Router Bits Versus Drill Bits for Boring with a CNC Router

It's best to use drill bits for boring holes, especially if you have to bore a lot of them. August 5, 2010

I am purchasing tooling for a 3 axis CNC, and would like to know if you guys are using 5mm drill bits with 10mm shanks, or a 5mm router bit for line boring? My tool supplier recommends drill bits and the router manufacturer recommends 5mm router bits with 5mm shank. We will be machining through and stop holes in 3/4 melamine.

Forum Responses
(CNC Forum)
From contributor J:
Use 5mm dowel drills with 10mm shank. We seldom thru bore, but when we do we have good results without a v point as the spoilboard backs the panel up to prevent blowout.

From contributor E:
I use router bits for some drilling, but if you are going to do a lot of drilling like large jobs and lots of adjustable shelf holes then I'd recommend you use the drill. It is designed for that and the side compression torque on the bearings will be a lot less.

From contributor T:
I am unsure from your post - does your machine have a dedicated boring unit? If so you would definitely want to only use drill bits. Typically the RPM are limited to a preset RPM on boring units and most only accept a standardized shank. By design they are intended to be used with drill bits. If you will be drilling with a piggy back drill or using the router spindle itself, sometimes you have more options available.

From the original questioner:
We will be using the main spindle for drilling line bores in vertical panels. No drill bank. Contributor E - I am not sure what you mean by side compression torque on the bearings. I would think the bad pressure would be on the end of the shaft as it is plunging straight down?

From contributor S:
Drills are for drilling router bits are for routing! Your tool supplier is correct.

From contributor T:
Consensus is correct. Drill bits only for drilling, unless you are pocketing holes.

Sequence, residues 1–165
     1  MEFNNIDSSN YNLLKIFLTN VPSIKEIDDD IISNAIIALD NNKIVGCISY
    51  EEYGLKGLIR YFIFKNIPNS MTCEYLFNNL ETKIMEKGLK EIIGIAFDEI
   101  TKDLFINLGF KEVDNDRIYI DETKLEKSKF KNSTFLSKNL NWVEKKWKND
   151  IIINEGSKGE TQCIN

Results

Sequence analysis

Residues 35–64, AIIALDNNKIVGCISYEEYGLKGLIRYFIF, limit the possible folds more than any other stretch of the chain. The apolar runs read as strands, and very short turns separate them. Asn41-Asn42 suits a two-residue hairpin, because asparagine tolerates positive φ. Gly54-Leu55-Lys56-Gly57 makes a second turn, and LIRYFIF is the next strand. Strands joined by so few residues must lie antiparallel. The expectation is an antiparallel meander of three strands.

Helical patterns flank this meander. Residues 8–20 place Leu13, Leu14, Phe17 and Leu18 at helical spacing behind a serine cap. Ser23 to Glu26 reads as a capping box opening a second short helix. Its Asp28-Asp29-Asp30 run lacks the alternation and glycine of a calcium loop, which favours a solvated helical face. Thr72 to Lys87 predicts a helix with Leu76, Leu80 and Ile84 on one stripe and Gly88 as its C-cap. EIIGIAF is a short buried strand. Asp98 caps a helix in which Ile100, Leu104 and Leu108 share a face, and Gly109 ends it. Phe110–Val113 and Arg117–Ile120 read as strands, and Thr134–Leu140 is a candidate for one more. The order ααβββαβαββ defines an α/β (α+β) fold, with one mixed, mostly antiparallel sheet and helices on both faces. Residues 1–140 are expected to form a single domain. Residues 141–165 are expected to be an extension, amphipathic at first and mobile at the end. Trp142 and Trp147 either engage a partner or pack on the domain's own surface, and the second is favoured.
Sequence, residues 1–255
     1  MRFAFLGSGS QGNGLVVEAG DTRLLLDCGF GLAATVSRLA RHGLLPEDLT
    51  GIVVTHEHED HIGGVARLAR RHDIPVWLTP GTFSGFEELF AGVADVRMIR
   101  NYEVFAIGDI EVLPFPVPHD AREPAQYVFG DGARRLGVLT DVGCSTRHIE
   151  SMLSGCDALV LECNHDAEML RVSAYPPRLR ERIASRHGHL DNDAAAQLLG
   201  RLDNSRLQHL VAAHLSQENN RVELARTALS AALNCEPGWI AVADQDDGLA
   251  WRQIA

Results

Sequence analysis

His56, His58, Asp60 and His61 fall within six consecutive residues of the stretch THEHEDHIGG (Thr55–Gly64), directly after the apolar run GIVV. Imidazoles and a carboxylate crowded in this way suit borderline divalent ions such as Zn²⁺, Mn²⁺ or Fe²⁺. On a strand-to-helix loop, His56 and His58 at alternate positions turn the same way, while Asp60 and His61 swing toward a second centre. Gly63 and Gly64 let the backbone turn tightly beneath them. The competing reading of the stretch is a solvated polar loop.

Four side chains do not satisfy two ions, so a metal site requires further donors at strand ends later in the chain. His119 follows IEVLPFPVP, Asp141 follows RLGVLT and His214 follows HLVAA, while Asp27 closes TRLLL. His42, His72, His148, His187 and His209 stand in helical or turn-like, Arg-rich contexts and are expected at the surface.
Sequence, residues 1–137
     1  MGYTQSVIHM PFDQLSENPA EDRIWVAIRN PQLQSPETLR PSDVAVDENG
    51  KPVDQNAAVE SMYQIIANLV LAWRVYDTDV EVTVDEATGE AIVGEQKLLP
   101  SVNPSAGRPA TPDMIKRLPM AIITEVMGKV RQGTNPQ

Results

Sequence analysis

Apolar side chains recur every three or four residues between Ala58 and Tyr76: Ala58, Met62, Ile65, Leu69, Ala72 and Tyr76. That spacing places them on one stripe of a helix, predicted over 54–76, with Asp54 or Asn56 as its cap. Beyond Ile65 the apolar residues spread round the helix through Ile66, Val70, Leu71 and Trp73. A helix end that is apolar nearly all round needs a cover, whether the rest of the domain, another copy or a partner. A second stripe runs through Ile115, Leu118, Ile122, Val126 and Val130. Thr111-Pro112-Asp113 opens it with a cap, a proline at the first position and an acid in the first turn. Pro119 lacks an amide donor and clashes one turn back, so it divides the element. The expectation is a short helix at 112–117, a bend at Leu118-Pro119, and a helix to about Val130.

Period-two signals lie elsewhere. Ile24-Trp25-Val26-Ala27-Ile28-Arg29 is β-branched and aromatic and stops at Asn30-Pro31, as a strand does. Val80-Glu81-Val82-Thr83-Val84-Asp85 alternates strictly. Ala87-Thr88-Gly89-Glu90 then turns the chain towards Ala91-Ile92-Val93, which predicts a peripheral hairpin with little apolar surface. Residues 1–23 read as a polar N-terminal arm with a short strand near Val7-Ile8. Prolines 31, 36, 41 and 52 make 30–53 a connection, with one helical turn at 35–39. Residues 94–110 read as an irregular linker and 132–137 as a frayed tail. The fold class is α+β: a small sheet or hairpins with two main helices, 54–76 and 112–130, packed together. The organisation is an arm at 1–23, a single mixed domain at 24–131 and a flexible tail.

Keep in mind also that the proper speed for a drill bit is very low compared to a router bit. Brad points on a spoilboard work great at around 4000 RPM for through drilling. Since you are drilling with the spindle, check whether it spins that slowly. You lose torque at slow speeds, but it isn't a problem for drilling small holes. Also router bits don't plunge well especially at small diameters even if they are theoretically set up for plunging since there is no lead in or lead out.

From the original questioner:
Do you guys put the drill bit with the flat on it right into the router collet, or is there an adapter that you use?

From contributor M:
They can be had without a flat, but I often just bridge one split and chuck it in. You need a 10mm collet. Personally I like the solid carbide for the router. You can get them lots of places; Vortex is one.

From the original questioner:
Drill bits make sense.

From contributor G:
Definitely go with solid carbide drill bits. We had been using carbide tip ones and had all the issues of a cheap tool. Once we changed over to solid carbide the quality of thru holes increased mega times and the tools last forever as compared to tipped tooling. Once again, you get what you pay for.

From contributor P:
Avoid using router bits for boring holes. The carbide gets too hot and loses its edge (sharpness). Even doing a short cut with a router bit reduces its life span (toe kick notches on the gable). As soon as I cut a custom diameter hole (small) with the router bit I can smell the wood burning, especially with compression bits where the chips aren't evacuated enough and the machine can't reach the bit's cutting speed/chip thickness.